Tuesday, April 30, 2013

Happy Birthday Willie

Willie Nelson is 80 today. This is a man who has given me much pleasure over the years. In fact this very week I am struggling with learning to play "Blue Eyes Crying In The Rain" on my guitar.

That was the song which launched his solo singing career. Prior to that he was better known as a song writer - for instance he penned the famous "Crazy". He has recorded scores, if not hundreds, of albums, in many different styles and genres. He will have a go at anything, not always with pleasing results, but some of his songs are memorable.

He also seems to be a thoroughly nice chap. You can always tell by the way they treat their guests.and Willie is supremely kind and encouraging.

Happy Birthday Willie - and many more of 'em.

And the same goes for my brother Paul, who is slightly younger, but who nevertheless shares a birthday with Willie.

Sunday, April 28, 2013

A Swiss Break

We have had 5 days with Nicola and family in Rome. After an 800 kms drive last Thursday, we are now doing 5 days with Karen and Kenny at their home in Beckenried, on the shore of Lake Lucerne in Switzerland.

The view from one of K&K's balconies

A 200-metre walk brings you to this view

There are boats too

A door in the immaculate apartment building

Beckenried is a ski resort - the lifts are about 300 metres from the house. In the summer the lifts take hikers up the mountain to some magnificent walks, I understand.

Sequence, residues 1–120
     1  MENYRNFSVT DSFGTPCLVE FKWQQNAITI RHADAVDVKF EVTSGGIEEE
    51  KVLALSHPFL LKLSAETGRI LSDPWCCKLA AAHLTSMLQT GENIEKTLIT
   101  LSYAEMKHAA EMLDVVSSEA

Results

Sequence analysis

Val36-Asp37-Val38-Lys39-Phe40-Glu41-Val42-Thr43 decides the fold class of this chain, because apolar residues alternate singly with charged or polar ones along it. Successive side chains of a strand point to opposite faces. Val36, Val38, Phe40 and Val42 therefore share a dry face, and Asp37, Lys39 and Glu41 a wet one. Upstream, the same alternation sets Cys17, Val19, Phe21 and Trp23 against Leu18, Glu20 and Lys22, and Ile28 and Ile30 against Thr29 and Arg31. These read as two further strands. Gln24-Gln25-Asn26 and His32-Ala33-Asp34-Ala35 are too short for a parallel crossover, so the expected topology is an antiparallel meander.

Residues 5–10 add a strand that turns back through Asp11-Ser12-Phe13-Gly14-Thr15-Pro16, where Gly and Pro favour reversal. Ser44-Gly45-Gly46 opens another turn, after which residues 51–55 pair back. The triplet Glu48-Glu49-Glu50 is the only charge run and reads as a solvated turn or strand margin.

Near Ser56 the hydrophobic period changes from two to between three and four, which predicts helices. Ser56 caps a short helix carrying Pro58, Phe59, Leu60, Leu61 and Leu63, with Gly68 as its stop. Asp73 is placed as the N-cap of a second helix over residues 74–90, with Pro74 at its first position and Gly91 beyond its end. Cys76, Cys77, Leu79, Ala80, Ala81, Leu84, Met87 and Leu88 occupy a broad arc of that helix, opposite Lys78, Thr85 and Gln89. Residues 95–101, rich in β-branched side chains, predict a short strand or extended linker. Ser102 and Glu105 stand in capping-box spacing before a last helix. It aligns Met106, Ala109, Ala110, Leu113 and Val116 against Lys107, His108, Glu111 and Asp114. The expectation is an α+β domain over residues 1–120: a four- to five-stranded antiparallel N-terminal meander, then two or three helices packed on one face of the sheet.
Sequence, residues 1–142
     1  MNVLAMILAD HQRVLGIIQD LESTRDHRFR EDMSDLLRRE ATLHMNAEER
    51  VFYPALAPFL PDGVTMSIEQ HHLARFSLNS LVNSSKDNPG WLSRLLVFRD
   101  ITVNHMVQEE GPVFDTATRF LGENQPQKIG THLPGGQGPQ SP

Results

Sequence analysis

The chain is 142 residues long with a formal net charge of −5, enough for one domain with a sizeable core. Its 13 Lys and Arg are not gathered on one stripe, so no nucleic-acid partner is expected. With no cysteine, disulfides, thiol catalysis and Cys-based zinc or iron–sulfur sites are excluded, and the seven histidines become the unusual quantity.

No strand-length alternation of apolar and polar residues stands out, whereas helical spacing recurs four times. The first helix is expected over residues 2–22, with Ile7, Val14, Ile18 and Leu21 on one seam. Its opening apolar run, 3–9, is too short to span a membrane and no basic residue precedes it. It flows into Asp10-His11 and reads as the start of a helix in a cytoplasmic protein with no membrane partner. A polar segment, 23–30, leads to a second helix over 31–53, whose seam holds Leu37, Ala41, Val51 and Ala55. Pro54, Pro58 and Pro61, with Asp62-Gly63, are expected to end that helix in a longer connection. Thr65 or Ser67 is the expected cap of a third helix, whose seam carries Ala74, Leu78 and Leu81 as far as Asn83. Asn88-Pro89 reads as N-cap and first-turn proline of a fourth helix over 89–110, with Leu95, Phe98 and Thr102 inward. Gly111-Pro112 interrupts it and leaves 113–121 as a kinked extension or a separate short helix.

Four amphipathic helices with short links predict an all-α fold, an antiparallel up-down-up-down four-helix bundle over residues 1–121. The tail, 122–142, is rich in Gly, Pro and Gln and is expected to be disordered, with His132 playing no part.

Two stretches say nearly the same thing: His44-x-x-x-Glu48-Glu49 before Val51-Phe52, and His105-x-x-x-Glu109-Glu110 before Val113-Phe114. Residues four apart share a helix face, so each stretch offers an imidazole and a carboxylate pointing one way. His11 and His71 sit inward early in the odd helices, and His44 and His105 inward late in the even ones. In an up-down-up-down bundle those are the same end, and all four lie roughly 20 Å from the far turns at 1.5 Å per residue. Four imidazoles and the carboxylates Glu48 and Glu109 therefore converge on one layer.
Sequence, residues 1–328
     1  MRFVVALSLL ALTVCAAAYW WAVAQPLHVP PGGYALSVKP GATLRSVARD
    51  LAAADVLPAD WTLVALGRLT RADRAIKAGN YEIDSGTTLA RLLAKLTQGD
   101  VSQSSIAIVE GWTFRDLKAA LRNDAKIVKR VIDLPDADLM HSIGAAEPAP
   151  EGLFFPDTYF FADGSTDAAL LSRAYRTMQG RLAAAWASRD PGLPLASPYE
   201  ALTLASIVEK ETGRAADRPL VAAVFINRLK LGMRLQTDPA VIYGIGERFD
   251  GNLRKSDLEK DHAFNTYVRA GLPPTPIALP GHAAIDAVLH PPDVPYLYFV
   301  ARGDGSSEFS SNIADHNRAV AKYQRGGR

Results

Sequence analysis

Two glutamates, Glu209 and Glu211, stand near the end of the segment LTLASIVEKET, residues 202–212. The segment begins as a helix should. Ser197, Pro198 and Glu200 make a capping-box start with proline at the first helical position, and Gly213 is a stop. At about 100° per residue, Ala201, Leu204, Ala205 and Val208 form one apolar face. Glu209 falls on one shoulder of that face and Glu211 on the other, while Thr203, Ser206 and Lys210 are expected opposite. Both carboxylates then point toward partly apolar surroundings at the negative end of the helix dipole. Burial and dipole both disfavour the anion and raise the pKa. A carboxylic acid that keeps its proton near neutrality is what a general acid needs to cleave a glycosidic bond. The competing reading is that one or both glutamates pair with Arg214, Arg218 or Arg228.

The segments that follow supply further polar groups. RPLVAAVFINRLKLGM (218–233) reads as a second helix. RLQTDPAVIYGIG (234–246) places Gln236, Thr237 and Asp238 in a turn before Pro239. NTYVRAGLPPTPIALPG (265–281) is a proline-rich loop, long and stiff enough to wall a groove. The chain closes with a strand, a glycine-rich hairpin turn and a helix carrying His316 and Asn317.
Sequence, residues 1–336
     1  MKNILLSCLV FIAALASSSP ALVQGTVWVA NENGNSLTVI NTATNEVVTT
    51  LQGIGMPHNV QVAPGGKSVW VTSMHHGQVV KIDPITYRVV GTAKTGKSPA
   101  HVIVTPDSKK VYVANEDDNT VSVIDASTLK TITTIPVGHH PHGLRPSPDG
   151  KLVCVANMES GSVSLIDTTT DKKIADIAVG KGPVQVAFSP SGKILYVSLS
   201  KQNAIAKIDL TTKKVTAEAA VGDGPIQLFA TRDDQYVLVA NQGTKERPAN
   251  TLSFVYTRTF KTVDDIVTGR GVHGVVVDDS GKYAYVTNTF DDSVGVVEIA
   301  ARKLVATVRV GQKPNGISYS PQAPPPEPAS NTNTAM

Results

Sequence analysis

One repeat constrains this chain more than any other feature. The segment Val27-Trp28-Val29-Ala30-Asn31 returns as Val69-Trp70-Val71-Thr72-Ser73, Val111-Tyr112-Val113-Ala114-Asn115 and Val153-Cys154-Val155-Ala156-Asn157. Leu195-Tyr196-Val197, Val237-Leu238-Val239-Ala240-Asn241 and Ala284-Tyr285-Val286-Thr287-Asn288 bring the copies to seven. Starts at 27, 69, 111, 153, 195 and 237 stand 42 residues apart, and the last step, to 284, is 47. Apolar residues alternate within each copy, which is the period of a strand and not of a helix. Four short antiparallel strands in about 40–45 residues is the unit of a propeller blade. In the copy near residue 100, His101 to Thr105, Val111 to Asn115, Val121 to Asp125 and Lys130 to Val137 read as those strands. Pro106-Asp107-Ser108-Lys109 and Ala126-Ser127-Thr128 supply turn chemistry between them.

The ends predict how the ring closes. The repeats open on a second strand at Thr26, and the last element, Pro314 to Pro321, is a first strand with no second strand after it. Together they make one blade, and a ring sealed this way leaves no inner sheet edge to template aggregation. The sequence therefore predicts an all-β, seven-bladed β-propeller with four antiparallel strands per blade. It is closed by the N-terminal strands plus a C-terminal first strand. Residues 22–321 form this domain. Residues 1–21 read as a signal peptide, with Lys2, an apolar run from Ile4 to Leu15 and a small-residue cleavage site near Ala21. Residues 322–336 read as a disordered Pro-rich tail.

It's alovely place.

Monday, April 22, 2013

Picture Of Our House In The Telegraph

I woke up this morning to find a picture of our tiny village illuminating the Daily Telegraph, or at least the online version of it. Not just the village, but our own house is clearly visible.

It is an article about disillusionment among the French people about the political and economic situation. Places mentioned and people quoted are several hundred kilometres to the north of us, in the dead centre of France - "la France Profonde", so I don't know why Puivert is pictured.

A pleasant surprise to see the picture - we didn't expect our first glimpse of the village for several months to be in a newspaper.

You can read the article by clicking here

Sunday, April 21, 2013

Video of Airbus A380 Landing - Pilot's Eye View

Greetings from Rome. Since Thursday afternoon we have made 5 aircraft flights. Christchurch-Sydney-Bangkok-Dubai-Rome. Fortunately punctuated by a night's sleep in Bangkok. Just the 20,000 kms.

The last two flights were on the enormous Airbus A380, as pictured above.

Coincidentally, yesterday, the same day we arrived in Rome, a friend sent me a wonderful video of the scene in the cockpit as an A380 comes in to land at San Francisco airport. It is a real eye opener not only of the technology involved but of the skill and professionalism of the pilots.

Click HERE to see it.

So, we are back in the Northern Hemisphere for the first time since January. But not home yet. Fist we spend 5 days with Nicola here in Rome. Then a drive to Beckenried by Lake Lucerne in Switzerland for 5 days with Karen. Then a drive to Grenoble for a one-night visit with Andy Greene, Amercan conqueror on foot of New Zealand North to South, then home by May 1.

Just a few days now, really, in the life of your everyday globetrotter.